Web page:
Showing Through Sensory Writing

Many of us know how to spin a good story, but verbal or written some of us need a reminder, or a guide as to how to spin a good story that our readers, or listeners are going to keep coming back to, or continue to read or listen to. How to get them to invest in the story. The key to this is through our characters, and I am not talking about their history or personality, but rather something all of us can have, though for some it might be difficult or for one reason or another, don’t have. I am talking about our body senses.

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The seven types of sensory processes our bodies are capable of are, as above; sight, smell, taste, balance, hearing, touch and body awareness. Learning how we take each of these in, learning to notice what our bodies notice is important as writers to ensure our readers are getting a full immersive experience from our work. And to make our work readable.

-insert a few days of hectic life here- 

I’m back! Sorry about that. I got distracted and then a few days went by and life was happening. I was meant to post twice this last week and I completely failed to write half of the first post.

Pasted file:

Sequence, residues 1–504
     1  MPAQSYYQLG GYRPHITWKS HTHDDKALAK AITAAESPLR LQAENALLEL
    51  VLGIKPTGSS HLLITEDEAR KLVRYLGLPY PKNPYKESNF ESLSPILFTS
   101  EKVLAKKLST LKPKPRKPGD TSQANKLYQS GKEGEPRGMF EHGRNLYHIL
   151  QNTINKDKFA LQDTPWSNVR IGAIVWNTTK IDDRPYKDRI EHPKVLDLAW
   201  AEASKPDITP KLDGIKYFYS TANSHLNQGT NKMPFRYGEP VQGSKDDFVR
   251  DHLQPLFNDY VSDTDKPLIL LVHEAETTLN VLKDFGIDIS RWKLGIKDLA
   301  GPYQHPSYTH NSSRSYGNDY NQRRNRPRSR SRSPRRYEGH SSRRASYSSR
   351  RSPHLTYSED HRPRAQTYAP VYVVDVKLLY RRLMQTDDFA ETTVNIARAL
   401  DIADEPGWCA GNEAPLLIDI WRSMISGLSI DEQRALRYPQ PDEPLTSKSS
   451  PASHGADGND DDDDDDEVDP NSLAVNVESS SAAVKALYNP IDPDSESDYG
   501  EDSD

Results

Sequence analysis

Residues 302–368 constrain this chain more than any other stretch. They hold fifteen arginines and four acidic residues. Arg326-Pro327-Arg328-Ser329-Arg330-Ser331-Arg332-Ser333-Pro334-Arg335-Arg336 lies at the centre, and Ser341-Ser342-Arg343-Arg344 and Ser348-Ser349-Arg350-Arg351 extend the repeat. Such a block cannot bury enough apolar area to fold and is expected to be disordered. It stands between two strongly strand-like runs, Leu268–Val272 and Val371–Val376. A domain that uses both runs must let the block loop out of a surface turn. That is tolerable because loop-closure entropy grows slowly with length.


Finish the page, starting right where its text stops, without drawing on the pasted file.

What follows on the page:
Sensory writing is the best kind of writing, because it appeals to readers on all levels. If you ever look back at your work, and think its missing something, go through and check of you utilized your characters sensors and if you did, did you tell the reader or did you show the reader? 

The main difference here being shown through this example: 

Telling the reader: She bent over double unable to run any more, because she was sore and felt unwell. She fell over, swallowing some dirt.

Showing the reader: She bent double, her leg mucles burned from the run, she gasped to breath. Her stomach started to churned and her legs gave way, her face hit hard upon the rich damp earth and she tasted the soil, which crumbled and slid down her throat. 

Not only does it (hopefully) sound much better, it gives you more words and writing in such a way, for myself at least, gives me ideas! Which as a writer is ideal, especially if you get writers block at all. 

Always remember if you can’tdo this in your first draft it’s fine!! That’s what editing is for. 

The first draft is just putting the words together to form the story, the next drafts are for perfecting different aspects of those words. 

 

Thats not original, there are many writers who say this in different words. Its super important for all to remember, no matter how seasoned a writer you are. 

I probably had more to say about each of the senses, however I might put up some links to available ‘cheat sheets’ which help us writers out in this area a bit later. 

Thanks for reading! Sorry again for delays. I am thinking of posting an excerpt from some writing I’m doing next, but just in case I wont say when. 

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